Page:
One night, long ago.

M

y thoughts brought me to a couple of places. As events start to close down I’ve been thinking about anniversaries.

This picture of a flambeaux during Mardi Gras is a great example of that.

It’s just a picture, right?

Maybe.

To me it means a lot. I was suffering during Mardi Gras 2020. I was at the peak of my back pain which was transmitting even more pain to my right knee. I walked up Jefferson Street to my usual pre-parade stop, CC’s.

The flambeaux were lining up. I stuck my camera through the line and made this picture.

I gave up. Thee pain was too much. I limped back to my car with a couple of stops along the way.

This picture is important. It was my last serious photograph before the pandemic forced the lockdown.

For sure, I’ve been making little pictures on dog walks and my own walks. But, I haven’t made a serious picture since February, 2020.

My doctor thought I was depressed. Well, gee…

I

have a theory. When something goes south, just about everything else goes to hell.

I knew it a long time ago. I know it now.

This week is four days old.

We lost Jazzfest. We lost the red dress run. We lost Action Jackson. We lost Rosy Guste.

All of that happened during our fourth CoVid-19 surge. The national infections are now just about 130,000 infections a day. Our hospitals are jammed. The two big hospitals in Baton Rouge are filled. They literally cannot take more patients.

Louisiana and the rest of the country are headed south. All manner of smaller bad things are starting to happen. What’s next?

Y

ou just never know. That’s what Action Jackson said to me when we first met.

He was right. Maybe more than he knew.

When you photograph second lines every Sunday to get to know many people.

Photographers cluster together and chat. We get to know each other. We are happy to see each other.

One photographer was Roy Guste. I knew him as a photographer. Once, when his car was broken down I gave him a ride.

There was more to him.

He studied cooking at Cordon Bleu. He was the proprietor of one of our famous old restaurants as his dad was before him. He wrote ten books about our food, traditions and cooking.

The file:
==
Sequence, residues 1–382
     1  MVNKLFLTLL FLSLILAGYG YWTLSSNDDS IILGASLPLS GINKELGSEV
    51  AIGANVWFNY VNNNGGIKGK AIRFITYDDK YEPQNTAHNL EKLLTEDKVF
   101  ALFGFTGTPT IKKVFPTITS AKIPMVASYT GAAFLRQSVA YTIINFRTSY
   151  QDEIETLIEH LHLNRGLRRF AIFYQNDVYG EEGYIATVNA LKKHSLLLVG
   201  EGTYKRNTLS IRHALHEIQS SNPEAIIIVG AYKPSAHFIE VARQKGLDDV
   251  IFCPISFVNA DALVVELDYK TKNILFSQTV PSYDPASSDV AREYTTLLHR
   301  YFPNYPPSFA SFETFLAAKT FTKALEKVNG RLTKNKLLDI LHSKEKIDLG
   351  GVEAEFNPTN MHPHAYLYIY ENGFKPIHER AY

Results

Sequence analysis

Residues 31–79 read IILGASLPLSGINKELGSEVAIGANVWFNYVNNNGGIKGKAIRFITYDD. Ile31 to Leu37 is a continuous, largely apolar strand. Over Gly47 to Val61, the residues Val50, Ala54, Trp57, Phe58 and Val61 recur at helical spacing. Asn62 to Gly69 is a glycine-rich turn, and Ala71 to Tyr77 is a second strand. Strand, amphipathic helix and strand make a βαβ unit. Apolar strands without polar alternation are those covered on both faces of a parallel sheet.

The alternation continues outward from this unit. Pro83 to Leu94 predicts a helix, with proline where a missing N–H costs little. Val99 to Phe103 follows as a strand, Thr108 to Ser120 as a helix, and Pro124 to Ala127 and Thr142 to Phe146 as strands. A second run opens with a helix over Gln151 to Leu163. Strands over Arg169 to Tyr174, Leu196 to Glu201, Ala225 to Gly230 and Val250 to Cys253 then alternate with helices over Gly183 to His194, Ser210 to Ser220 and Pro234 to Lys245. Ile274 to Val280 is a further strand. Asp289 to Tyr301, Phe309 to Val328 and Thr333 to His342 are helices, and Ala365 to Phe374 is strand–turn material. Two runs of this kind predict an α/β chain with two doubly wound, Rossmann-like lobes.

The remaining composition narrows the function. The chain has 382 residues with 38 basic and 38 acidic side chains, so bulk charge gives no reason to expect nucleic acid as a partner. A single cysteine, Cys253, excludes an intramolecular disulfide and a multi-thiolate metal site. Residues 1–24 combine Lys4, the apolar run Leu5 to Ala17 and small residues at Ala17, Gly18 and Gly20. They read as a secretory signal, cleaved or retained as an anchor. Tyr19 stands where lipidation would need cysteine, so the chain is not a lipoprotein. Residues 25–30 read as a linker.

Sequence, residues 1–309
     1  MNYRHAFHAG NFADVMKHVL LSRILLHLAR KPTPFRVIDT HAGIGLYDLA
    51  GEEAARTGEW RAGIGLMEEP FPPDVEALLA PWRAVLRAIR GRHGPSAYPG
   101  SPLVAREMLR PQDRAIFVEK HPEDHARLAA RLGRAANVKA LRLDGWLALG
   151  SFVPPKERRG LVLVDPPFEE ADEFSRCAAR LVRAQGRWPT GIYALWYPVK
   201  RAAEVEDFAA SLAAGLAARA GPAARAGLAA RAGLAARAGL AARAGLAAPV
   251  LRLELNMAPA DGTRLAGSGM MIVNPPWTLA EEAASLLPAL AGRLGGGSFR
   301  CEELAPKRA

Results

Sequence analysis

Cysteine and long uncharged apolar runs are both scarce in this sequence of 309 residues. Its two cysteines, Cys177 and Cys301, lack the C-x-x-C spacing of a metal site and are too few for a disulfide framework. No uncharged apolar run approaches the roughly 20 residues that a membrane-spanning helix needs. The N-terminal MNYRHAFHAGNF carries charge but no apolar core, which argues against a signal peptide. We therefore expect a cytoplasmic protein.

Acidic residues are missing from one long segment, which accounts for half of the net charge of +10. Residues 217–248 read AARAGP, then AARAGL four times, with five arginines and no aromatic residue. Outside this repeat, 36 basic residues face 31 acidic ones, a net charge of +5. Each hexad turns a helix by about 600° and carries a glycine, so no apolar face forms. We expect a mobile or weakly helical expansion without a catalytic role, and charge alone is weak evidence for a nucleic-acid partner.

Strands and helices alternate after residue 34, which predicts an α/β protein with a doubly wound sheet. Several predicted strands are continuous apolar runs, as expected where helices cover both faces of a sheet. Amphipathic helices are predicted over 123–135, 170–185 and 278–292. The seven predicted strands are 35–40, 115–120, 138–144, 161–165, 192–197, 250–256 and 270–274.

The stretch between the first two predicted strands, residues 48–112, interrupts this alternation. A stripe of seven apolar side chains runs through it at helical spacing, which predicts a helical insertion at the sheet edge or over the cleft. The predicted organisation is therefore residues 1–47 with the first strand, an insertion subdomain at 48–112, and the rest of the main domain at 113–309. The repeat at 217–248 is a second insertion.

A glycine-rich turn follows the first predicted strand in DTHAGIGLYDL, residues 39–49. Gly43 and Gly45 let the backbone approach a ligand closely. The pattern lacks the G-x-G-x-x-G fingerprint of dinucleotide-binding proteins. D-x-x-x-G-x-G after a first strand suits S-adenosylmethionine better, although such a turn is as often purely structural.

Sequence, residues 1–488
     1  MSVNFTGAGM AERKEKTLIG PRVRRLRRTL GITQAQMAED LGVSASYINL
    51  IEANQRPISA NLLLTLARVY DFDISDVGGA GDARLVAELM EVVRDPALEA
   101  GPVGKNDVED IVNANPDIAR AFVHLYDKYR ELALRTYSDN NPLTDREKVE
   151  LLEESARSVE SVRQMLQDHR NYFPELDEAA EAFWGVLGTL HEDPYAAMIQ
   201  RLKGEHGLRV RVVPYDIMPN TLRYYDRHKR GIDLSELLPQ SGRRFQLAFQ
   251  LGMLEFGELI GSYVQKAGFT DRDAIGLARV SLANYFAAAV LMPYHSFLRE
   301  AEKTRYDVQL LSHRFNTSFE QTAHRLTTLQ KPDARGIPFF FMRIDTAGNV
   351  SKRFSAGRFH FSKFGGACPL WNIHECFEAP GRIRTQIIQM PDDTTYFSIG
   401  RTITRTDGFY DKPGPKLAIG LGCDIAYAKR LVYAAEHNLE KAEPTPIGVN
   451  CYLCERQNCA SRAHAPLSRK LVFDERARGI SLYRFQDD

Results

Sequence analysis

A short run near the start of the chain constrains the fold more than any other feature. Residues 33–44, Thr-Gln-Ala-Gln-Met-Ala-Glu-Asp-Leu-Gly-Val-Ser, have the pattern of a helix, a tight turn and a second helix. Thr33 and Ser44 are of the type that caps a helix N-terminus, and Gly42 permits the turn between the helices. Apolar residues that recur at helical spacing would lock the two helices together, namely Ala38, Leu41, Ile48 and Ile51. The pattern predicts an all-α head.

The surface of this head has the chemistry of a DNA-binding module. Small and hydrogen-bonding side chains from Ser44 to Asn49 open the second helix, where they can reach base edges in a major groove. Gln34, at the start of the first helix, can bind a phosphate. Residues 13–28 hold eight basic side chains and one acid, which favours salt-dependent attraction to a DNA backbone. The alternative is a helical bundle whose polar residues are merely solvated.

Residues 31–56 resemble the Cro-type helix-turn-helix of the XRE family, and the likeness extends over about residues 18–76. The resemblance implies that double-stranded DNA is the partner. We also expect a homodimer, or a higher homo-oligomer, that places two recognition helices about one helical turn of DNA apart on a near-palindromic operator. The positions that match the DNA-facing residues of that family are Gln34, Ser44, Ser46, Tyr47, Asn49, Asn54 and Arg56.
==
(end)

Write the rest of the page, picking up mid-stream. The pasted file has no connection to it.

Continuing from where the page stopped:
He was very well known to the food culture of New Orleans.

I never knew. I wonder how many of the photographers on the line knew.

Roy Guste died yesterday after a long battle with cancer. He was 69.

RIP.


I sort of got tired of paradise one day when I was in Hawaii and started wandering around Honolulu looking for some more urban stuff, which is what I like to photograph. I found this little Buddhist /Taoist temple so I went inside and made a few pictures. I believe that my best work gets to the heart of things. And, that it should be kept very simple. If you read Storyteller with any frequency, you know that I don’t always follow that since I try to photograph what is in front of me. But, in this case I did. This picture comes down to two things. Burning incense — joss sticks — as an offering. And, light. It can’t get more simple and direct than that. 


Continuing my thoughts from yesterday’s post about light… I found two images that are really just pure light with just a bit of content thrown in to ground the pictures. What I find very interesting is that both images were made in a holy building; either a church or a Buddhist temple called a wat in Thailand. Both are made at an places were offerings are made. One, from the church, is about candles. The second, made at a wat, is about a candle and oil. For the record, the church is located in Corrales, New Mexico. The temple, or wat, is located in Bangkok, Thailand. I’m told there is a new Thai-styled wat around here on the Westbank. I’ll have to go check it out.